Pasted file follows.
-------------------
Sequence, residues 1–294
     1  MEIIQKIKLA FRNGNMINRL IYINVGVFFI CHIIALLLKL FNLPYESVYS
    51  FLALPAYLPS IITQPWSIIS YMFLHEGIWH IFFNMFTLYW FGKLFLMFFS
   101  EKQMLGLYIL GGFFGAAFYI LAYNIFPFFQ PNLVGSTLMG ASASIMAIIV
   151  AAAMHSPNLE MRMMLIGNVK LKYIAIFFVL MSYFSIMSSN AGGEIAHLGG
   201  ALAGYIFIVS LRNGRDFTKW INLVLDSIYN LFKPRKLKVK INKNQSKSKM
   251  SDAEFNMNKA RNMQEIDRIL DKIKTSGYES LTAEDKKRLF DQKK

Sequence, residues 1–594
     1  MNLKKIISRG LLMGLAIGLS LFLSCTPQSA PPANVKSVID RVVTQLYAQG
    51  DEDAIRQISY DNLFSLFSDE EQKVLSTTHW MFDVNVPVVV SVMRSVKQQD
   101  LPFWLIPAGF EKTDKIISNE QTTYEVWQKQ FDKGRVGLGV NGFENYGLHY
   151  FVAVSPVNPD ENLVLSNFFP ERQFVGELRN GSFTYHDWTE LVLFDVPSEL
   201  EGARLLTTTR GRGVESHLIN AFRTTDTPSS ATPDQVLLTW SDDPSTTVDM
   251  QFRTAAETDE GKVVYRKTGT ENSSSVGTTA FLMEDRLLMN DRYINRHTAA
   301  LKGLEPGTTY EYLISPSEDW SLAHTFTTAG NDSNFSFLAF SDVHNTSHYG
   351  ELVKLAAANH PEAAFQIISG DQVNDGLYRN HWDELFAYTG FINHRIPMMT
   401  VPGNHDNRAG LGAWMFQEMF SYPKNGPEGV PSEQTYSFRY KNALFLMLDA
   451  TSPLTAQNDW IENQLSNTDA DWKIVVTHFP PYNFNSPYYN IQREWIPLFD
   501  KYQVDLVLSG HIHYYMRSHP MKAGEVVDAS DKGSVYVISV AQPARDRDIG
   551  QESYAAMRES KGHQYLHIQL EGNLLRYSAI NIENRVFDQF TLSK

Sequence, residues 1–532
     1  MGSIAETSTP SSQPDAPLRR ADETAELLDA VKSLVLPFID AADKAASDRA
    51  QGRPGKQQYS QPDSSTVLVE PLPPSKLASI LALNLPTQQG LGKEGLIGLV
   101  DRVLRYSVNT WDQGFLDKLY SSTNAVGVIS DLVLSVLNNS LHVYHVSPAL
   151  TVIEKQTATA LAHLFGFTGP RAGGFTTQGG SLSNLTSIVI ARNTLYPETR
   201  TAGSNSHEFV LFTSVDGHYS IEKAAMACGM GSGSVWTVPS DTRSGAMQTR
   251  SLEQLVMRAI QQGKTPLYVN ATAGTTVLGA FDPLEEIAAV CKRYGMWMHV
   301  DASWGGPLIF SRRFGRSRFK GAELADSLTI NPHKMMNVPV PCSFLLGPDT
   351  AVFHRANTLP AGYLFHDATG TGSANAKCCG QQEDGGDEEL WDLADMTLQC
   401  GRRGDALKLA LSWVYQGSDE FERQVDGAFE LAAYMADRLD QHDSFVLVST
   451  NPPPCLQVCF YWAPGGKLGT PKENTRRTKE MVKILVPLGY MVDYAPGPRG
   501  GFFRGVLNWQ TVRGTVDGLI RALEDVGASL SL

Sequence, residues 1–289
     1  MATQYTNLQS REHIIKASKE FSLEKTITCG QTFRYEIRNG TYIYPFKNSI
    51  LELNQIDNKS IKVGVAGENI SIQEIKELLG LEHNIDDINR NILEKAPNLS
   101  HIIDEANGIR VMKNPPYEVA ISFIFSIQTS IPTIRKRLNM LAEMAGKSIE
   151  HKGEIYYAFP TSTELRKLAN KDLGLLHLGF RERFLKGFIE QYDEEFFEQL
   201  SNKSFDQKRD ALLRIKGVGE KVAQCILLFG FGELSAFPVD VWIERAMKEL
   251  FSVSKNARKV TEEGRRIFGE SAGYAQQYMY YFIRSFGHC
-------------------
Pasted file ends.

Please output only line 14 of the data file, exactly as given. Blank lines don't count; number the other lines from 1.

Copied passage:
   251  QFRTAAETDE GKVVYRKTGT ENSSSVGTTA FLMEDRLLMN DRYINRHTAA